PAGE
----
And other important things you need to know. Best political and economic analysis I have seen of how the world is working out.
And other important things you need to know. Best political and economic analysis I have seen of how the world is working out.
Steven Pinker speaks to the obvious truths which, he says, when first heard by students starved for truth, leave them defenceless. It is shocking that these obvious truths are found shocking. It is a worry that young students would never have heard these things uttered in polite society, in our universities.
You can blame its decline on the decline of the automobile industry: once the fifth largest city in America, now the 11th largest, $18 billion in debt, or you can blame it on the Big Three automakers, Democratic government, buying off the UAW, black misrule and white flight, all or any of them. Here are three dots which I invite you to connect.
Cronyism and corruption? Or the third world status of the people who still inhabit it and who voted in the governments that pillaged the cities and the taxpayers? All of the above? Who voted the crooks in? Who were the crooks? The UAW? the black city government?
I invite you watch The Wire. It is an artistic masterpiece, and it details what happens when a city – Baltimore in this case – becomes 64% black. The bodies of black male drug dealers pile up, and no one cares except a few cops, many of them black, some of them white.
The Wire shows that not one city institution: city hall, the cops, or the school system is working effectively. Without saying a word, the Wire addresses what decadence and decline look like. The irony lies in watching all the Baltimore politicians and cops in magnificent government buildings, belle époque creations of the 19th century, when whites dominated, and now their successors wander through halls like barbarians of 400 AD wandering through the Roman forum. There will never be enough wealth in Baltimore to rebuild them.
The biggest fact in the world that needs to be explained is how and why we have become so rich, compared to how the human race had lived for ever before the last few centuries.
This graph portrays the economic progress in the last two hundred years as measured by life expectancy, GDP per capita, percentage not living in extreme poverty, energy consumption, war-making capacity, and percentage of people living in democracy.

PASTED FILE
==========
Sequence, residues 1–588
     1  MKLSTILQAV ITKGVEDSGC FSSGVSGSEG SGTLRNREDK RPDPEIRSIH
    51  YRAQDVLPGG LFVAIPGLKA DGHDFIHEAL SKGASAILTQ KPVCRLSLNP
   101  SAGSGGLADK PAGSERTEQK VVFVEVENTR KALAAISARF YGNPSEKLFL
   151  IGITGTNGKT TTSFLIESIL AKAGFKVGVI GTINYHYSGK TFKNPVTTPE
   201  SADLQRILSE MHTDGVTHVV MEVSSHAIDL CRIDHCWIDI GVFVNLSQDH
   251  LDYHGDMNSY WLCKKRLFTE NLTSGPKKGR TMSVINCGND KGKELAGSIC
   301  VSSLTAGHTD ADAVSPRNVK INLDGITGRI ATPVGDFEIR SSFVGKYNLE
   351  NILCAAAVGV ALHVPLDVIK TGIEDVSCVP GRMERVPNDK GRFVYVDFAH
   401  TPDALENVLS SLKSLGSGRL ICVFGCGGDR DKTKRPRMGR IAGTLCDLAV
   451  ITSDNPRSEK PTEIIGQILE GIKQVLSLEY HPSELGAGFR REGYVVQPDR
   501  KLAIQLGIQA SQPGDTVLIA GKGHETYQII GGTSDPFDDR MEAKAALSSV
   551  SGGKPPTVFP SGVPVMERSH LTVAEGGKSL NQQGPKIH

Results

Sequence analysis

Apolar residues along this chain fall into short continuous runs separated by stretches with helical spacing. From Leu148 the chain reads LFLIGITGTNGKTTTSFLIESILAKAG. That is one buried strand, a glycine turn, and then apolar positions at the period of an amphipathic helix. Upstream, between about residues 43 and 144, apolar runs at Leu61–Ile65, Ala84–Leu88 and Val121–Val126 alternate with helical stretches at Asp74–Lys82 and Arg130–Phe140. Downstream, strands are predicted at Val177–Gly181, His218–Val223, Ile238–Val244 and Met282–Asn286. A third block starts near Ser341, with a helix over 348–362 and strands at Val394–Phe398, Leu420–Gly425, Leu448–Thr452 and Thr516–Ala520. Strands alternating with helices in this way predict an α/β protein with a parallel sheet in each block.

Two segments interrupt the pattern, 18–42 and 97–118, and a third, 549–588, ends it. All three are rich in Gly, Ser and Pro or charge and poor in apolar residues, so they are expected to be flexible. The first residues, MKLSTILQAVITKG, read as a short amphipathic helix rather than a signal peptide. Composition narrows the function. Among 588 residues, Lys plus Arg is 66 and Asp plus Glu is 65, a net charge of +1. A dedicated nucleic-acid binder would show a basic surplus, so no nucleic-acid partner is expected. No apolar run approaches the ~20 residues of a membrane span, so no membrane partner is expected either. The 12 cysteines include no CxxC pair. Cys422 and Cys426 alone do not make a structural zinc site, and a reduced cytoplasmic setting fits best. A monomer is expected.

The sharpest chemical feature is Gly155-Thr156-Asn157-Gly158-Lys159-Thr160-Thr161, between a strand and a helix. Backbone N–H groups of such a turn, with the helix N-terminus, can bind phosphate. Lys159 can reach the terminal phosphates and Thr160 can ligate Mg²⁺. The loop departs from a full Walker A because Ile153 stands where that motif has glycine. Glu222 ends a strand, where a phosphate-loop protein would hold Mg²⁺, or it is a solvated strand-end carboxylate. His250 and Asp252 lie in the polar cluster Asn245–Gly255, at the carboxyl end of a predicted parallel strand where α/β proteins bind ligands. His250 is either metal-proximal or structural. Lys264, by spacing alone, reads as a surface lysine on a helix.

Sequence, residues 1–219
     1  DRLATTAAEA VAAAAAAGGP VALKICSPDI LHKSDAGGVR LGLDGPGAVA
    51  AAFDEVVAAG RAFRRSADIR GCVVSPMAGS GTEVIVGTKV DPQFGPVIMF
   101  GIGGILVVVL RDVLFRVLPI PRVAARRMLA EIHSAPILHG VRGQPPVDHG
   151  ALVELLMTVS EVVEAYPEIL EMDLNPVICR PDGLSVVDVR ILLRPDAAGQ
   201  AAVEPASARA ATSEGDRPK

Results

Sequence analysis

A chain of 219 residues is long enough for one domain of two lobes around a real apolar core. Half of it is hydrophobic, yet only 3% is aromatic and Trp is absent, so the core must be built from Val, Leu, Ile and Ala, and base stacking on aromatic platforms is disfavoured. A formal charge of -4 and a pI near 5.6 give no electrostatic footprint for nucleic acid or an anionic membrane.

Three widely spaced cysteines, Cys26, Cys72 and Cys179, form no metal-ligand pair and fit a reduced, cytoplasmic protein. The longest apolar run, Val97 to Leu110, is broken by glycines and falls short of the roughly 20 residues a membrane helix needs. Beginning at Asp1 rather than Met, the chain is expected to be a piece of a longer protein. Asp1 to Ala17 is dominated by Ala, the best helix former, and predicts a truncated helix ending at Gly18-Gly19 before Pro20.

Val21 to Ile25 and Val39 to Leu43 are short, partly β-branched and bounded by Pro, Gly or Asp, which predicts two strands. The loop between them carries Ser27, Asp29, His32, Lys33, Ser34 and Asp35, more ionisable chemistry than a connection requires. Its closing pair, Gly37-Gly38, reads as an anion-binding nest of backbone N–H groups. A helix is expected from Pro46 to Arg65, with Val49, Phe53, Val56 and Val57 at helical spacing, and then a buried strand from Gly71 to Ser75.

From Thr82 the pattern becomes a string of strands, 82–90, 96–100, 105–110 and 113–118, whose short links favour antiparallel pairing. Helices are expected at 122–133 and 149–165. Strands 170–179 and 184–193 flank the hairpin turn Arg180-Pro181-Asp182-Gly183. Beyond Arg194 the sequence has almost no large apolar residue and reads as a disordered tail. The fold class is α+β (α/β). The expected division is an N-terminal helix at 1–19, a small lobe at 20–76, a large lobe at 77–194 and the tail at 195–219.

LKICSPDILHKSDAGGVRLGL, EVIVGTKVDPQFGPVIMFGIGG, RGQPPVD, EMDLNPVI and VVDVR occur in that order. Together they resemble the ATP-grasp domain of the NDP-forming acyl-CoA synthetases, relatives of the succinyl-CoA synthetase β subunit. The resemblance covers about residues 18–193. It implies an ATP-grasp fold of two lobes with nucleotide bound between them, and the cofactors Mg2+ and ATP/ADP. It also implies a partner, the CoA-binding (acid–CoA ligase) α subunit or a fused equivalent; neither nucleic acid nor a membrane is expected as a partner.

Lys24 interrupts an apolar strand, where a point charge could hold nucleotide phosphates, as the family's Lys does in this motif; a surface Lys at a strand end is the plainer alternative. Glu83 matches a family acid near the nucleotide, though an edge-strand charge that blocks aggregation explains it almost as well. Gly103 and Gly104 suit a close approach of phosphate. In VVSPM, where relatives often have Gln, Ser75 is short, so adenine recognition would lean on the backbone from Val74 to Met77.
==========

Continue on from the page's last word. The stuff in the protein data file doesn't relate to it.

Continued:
These are the facts. Why, then, when things are getting better so fast, are we beset by concerns for global warming, climate catastrophes, income disparities, and every form of oppression, including completely imaginary ones? Why the atmosphere of general cultural pessimism?
The question that Deirdre McCloskey asked herself in her book Bourgeois Dignity was why the economics profession was unable to answer this question satisfactorily: why have things gotten better? her answer was that there occurred in western Europe and change in the deal: innovation came to be allowed, indeed encouraged, and you got to keep the economic value of your innovation. Hence the change int he human condition proceeded from a change in ideas. Not from trade, especially not from slavery, not from exploration, not from ripping off the ecology, but from allowing innovation.
You do not have to accept this explanation, but if you read McCloskey you will have difficulty in accepting another.
Deirdre McCloskey is the author of several important books, she is an economist of renown, and she is a proud defender of the bourgeois deal: you get to keep what you make and you are allowed, indeed encouraged, to innovate. She locates several inadequacies in the mindset of economists, in a little pamphlet available off the Intertubes. I recommend it, especially if you are economist. She describes her fellow practitioners in the following terms.
Outsiders would likewise be amazed at the Historical Ignorance of the economist. They think that the scientific evidence about economies before the past few years would surely figure in an economist’s data. It doesn’t…. People call themselves economists who have never read a page of Adam Smith or Karl Marx or John Maynard Keynes. It would be like being an anthropologist who had never heard of Malinowski or an evolutionary biologist who had never heard of Darwin.
The more general Cultural Barbarism of economists is well illustrated by their Philosophical Naïveté. Few economists read outside economics. It is unnerving to gaze about the library of a distinguished professor of economics and find no books at all except on applied math and statistics: these are the worldly philosophers who run our nation? Uh-oh. So naturally the professors of economics have childish ideas about, say, epistemology….